- Open Access
Cytotoxic and antigenotoxic properties of phenolic compound isolated from the fruit of Terminalia chebula on HeLa cell
Beni-Suef University Journal of Basic and Applied Sciences volume 8, Article number: 15 (2019)
DNA in a human cell is subjected to constant assault from both environmental factors and normal metabolic processes. Accumulation of DNA damage drives the progression of many health disorders like aging, cancer, diabetes, and neurodegenerative disorders.
The present study focuses on the isolation of phenolic compound from the fruit of Terminalia chebula and its protective role on induced DNA damage. Diethyl ether and ethyl acetate extract of Terminalia chebula fruit were subjected to column chromatographic purification, and the fractions obtained were tested for the presence of phenolics. Fraction-12 isolated from diethyl ether extract was identified as gallic acid, which is used for cytotoxic and DNA damage protection activity assays. To select a non-toxic concentration of isolated compound, cytotoxicity was assessed by MTT assay. Gallic acid showed moderate toxicity at the highest concentration tested (i.e., percentage cell viability at 100 μg/ml is 40.51 ± 1.31). Antigenotoxic effect of gallic acid on HeLa cells was carried by alkaline comet assay. The compound showed significant protective abilities against hydrogen peroxide-induced DNA damage in HeLa cells.
These results show the importance of gallic acid isolated from Terminalia chebula fruit, as protector of oxidative stress-induced DNA damage.
DNA is the essential carrier of genetic information in living organisms, which contains all genetic information needed for the growth, development, reproduction, and ultimately death of the organism. Even though DNA is stable and versatile, it undergoes several types of spontaneous changes and may lead to damage in DNA. It occurs at a rate of 10,000 to 10,00,000 lesions per cell per day. DNA itself has many elaborate mechanisms to solve the damages. DNA damage, if not repaired properly, may lead to genomic instability, mutation, aging, cancer, and several other diseases.
Oxidation is a natural cellular metabolic process which results in the formation of free radicals known as reactive oxygen species (ROS) or reactive nitrogen species (RNS). Common examples are peroxyl radical (RO2∙), hydroperoxyl (HO2∙), superoxide (O2−), hydroxyl (OH), nitrogen dioxide (NO2∙), free radicals, etc. . Once formed, they initiate a chain reaction by reacting with other molecules in their vicinity to attain stability. Excessive production of free radicals causes an imbalance between the generation of ROS and the antioxidant enzymes, which can lead to oxidative stress and damage to biological molecules such as DNA, protein, and lipids.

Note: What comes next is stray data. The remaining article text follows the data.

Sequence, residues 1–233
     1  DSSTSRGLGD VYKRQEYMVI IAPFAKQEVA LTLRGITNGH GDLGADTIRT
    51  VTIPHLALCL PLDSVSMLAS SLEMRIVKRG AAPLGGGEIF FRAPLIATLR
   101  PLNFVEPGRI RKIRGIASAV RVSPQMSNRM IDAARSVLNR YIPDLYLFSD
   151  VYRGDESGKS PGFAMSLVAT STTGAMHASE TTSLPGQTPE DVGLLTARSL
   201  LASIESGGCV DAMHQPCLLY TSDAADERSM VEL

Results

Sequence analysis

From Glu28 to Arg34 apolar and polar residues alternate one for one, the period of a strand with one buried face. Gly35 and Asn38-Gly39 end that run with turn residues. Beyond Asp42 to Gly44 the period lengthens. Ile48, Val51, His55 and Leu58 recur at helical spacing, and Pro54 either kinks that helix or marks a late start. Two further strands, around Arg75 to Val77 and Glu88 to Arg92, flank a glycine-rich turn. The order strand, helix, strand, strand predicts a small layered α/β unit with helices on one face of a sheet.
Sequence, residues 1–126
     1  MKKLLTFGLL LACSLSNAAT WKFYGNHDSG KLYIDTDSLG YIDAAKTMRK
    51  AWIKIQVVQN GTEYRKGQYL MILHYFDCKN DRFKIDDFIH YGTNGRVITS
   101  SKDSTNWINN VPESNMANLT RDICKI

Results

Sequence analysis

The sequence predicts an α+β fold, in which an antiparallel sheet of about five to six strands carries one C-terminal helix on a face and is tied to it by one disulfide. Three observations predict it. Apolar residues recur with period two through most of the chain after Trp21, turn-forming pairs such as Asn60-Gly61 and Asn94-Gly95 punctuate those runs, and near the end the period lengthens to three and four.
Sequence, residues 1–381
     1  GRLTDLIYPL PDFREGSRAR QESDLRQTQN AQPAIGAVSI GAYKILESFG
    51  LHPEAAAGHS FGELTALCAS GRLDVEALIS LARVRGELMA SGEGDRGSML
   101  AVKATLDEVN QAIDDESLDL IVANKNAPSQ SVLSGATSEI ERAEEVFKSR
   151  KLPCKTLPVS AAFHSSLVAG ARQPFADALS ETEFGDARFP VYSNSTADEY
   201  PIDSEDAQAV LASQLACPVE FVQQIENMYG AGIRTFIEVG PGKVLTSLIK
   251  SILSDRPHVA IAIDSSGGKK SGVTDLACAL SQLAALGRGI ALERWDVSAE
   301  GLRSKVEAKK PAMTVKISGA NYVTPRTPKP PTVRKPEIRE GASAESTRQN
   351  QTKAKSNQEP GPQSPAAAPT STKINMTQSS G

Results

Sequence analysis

Phenolics are claimed to protect against many health disorders like cancer, diabetes, cardiovascular diseases, and aging, mainly by preventing initial DNA damages. Recently, there are many methods available for the estimation of DNA damage and repair like bacterial Ames test, the scoring of chromosome aberration, and micronuclei and sister chromatid exchanges [1, 16]. Among these classical techniques, single cell gel electrophoresis assay or comet assay is a widely accepted and commonly used technique. Comet assay is a rapid, inexpensive, short-term screening technique developed to study the antigenotoxic potential of natural compounds . The assay can be carried out at neutral pH or high pH (above pH 13). At neutral pH, DNA migration is due to the presence of double-strand breaks, while at alkaline pH, DNA migration is associated with the presence of single-strand breaks, alkali labile sites, and single-strand breaks associated with incomplete excision repair sites . The alkaline version is more acceptable since it allows the detection of a wide range of damages. Comets are scored, either by computer-based image analysis software or by visual scoring to calculate tail length, % tail DNA, which are the most appropriate parameters to be taken into account for the study.
Comet assay normally requires a supercoiled cellular genomic DNA of any cell line which is not proliferating, which can be made into single-cell suspension . Therefore, HeLa cell line was chosen for this study. Hydrogen peroxide was selected to elicit oxidative stress, since it is freely diffusible and can potentially reach the nucleus to interact with DNA and cause damage to DNA by generating hydroxyl radical, ∙OH. These highly reactive hydroxyl radical causes strand breaks and base damage in DNA. It also modifies purine and pyrimidine and causes significant production of DNA base damage products, 8-OH-Gua, FapyGua, etc. .
In the present study, the antigenotoxic activity of gallic acid, a phenolic compound isolated from Terminalia chebula, on hydrogen peroxide-induced DNA damage in human cervical cancer cell line (HeLa) was investigated by comet assay.
Preparation of extracts